The Nuremberg Principles conference brings together lawyers, historians, theologians, and human rights activists worldwide to discuss the applicability of the Nuremberg Principles in protecting human dignity, promoting human rights, and enforcing international criminal law. John D. Altenburg, Major General (ret.), will serve as moderator for a panel titled "Victor's Justice – the U.S. and International Criminal Law 75 Years Since Nuremberg: Continuity or Change?" from 1:00pm - 1:40pm.
Discussions will cover the following:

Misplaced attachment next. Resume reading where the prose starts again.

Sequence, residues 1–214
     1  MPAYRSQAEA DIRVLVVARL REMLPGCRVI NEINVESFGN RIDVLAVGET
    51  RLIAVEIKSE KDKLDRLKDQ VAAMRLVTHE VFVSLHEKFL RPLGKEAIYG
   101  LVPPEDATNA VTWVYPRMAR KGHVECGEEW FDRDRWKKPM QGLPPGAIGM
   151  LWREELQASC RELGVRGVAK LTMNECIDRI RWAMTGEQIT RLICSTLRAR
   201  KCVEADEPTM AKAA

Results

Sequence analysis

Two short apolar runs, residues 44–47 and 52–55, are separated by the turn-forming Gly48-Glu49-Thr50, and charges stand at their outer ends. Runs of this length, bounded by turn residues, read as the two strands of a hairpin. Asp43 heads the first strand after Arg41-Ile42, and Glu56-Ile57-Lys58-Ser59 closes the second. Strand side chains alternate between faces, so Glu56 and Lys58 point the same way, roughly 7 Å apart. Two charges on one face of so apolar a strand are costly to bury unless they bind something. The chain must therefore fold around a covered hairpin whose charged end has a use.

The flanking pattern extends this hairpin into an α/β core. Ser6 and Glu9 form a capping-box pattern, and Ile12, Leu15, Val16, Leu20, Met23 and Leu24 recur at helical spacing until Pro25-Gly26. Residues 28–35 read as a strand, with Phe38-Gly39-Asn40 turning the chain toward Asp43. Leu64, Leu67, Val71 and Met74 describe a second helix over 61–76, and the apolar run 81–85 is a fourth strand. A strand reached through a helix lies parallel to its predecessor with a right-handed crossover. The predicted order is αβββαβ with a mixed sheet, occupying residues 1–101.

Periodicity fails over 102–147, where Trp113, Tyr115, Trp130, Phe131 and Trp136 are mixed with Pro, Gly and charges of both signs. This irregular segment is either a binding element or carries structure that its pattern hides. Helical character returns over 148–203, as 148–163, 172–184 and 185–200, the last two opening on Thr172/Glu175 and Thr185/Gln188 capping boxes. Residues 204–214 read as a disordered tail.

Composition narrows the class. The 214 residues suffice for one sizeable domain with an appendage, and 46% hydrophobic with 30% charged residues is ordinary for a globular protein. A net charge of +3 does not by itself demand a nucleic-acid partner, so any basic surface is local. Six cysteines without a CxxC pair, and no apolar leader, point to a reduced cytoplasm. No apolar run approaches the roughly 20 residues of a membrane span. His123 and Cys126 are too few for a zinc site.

Juxtaposed with the enormity and depravity of Nazi criminality and moral ambiguities, the Nuremberg trials functioned to prove guilt for such atrocities of war crimes. Still, selective justice and the legality and thus legitimacy of the Nuremberg proceedings were substantive at the time and are today matters of ongoing scholarly debate. Where does the U.S. stand in the case of Justice for victims of international war crime abuses? U.S. has actively supported the prosecution of war crimes in Bosnia and Rwanda and by I.C.T.Y. and I.C.T.R. - these were Nuremberg-modelled ad hoc tribunals. Conversely, the U.S., under President Trump, imposed sanctions (now withdrawn under President Biden) on the International Criminal Court and its international civil servants charged with upholding human rights and humanitarian law in their investigation and potential prosecution of U.S. personnel for possible war crimes in Afghanistan. Then in stark contrast, The Justice for Victims of War Crimes Act became law at the start of this year to strengthen the efforts to ensure Justice and accountability by enabling the Department of Justice to prosecute alleged war criminals who are found in the United States, regardless of the location of the crime and the nationality of the perpetrator or the victim. Does the USA face a dilemma demonstrated by a pattern of choosing alleged war crimes to prosecute over the last 75 years, or will there be changes?